Friday, March 19, 2010


Dutch Treat

Will 2010 be the year that marks the true revival of Dutch cycling? Though the start of the season creeps earlier each year, making it seem like mid-season by mid-March, the 2010 season is still barely in its infancy, so it’s still difficult to tell just where everything is going. [So intense is the battle for “season opener” status, in fact, that the 2011 GP Marseillaise will actually be held just prior to the 2010 Giro di Lombardia.] But so far, with the pre-season races over with, it’s looking like Dutch cycling may just be making a comeback after a decade in the relative wilderness.

Let’s start with a little history…

In the 1970s and early 1980s, the Ti-Raleigh squad under legendary DS Peter Post [unstated motto: “I’d rather be feared than loved”] won damn near everything that mattered with riders like Hennie Kuiper, Jan Raas, Gerrie Knetemann, Joop Zoetemelk, and Leo Van Vliet. From 1974 to 1983, the team bagged a Tour de France (and 10 stages in the 1978 edition alone), Tour de Suisse, Paris-Roubaix, Amstel Gold, Gent-Wevelgem, Ronde van Vlaanderen, Het Volk, Paris-Tours, Paris-Brussels, Paris-Nice…some of those multiple times.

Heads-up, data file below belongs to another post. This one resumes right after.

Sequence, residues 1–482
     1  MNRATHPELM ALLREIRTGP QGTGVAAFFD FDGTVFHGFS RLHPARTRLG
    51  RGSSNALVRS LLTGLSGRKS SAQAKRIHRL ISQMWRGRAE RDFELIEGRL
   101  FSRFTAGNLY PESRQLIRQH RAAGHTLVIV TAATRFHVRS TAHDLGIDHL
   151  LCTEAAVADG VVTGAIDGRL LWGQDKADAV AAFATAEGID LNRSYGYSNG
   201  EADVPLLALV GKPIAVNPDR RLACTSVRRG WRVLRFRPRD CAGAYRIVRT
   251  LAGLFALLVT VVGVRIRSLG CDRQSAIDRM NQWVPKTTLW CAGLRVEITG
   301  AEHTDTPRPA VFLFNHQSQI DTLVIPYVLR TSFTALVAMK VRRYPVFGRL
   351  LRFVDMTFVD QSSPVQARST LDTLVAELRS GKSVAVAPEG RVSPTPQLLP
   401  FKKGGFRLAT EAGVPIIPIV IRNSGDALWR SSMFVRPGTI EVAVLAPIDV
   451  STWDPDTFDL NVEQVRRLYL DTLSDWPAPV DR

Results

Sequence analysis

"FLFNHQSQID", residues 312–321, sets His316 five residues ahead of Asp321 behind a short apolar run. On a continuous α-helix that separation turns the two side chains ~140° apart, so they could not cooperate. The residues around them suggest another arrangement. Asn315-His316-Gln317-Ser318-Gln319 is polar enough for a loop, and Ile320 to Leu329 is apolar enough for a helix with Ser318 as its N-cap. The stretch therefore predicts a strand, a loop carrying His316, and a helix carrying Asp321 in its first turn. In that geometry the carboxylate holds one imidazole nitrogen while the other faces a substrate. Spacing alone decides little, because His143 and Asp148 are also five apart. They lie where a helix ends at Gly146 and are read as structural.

In 1984, one of Post’s key riders, fellow Dutch hardass Raas, tired of Post’s rule at Ti-Raleigh and led a group of defectors to form Kwantum, where Raas briefly stayed on as a rider before slipping into the driver’s seat. Through a number of sponsorship and management twists and turns, that team would eventually become Rabobank in 1996 and continue through the present. For his part, Post continued to head the former Ti-Raleigh structure, now rebranded as Panasonic, which led a long and fruitful life through 1992.